Our class resumed as normal. We didn’t have windows in the room or TV or smartphones. No one knew the gravity of the situation. We assumed it was a small plane and a small accident had happened.

Near the end of class, our professor came in. He said that the World Trade Center was gone.


I didn’t know what that meant. Could you have fathomed what that meant? I couldn’t. I was 19 and my mind couldn’t comprehend it. How could it be gone? It didn’t make sense. It just wasn’t possible. This man obviously heard the news incorrectly or was certifiably insane.

Two planes flew into the World Trade Center, and now they were gone.

It was an act of terrorism. The buildings and the people inside of them no longer existed.

All I could think about was my Dad. He was flying to California that day. I didn’t know at what time or on what flight. I left the classroom to try and call him. My calls wouldn’t go through.

10 years ago, cell phones were still on the newer side. And terrorism wasn’t something that I’d really lived through...it wasn’t something that had made an impact on my life. If my cell phone randomly stopped putting calls through today in 2011, I’d know instantly that something was wrong. But at that time, I thought it was just shoddy service.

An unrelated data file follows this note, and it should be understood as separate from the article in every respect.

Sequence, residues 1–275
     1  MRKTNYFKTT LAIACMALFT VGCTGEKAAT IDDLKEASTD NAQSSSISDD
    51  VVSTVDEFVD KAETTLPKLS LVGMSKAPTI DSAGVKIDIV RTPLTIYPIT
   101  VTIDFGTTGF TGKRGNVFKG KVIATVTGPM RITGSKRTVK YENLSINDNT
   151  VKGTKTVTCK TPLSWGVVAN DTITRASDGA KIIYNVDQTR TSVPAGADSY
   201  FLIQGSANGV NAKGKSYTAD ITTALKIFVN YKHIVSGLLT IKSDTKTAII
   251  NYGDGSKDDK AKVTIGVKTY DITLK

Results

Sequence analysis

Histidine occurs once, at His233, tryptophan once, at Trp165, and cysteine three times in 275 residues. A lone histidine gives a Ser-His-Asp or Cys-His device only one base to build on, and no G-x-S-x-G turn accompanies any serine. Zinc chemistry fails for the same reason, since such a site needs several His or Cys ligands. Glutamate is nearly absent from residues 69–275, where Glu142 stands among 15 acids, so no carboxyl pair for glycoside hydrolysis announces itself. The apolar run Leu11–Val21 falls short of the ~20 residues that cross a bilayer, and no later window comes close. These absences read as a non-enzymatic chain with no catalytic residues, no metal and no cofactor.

this was my cell phone in 2001. yep.

I went back to the class and everyone was exiting. I found Maggie and we poured out onto the city streets, which were in utter chaos. I spotted a pay phone on Broadway...I had to call my Dad! But the line was so long and people were walking up Broadway like floating on a current in the river. There were so many people everywhere.

{I should say here that somehow, I felt in the pit of my stomach that my Dad was ok and wasn’t on one of the planes. You know how people get those feelings that something bad has happened? I had the opposite. Even though I couldn’t get in touch with him or couldn’t call him, somehow, I felt that he was ok and still in his office on 34th Street probably wondering where I was}.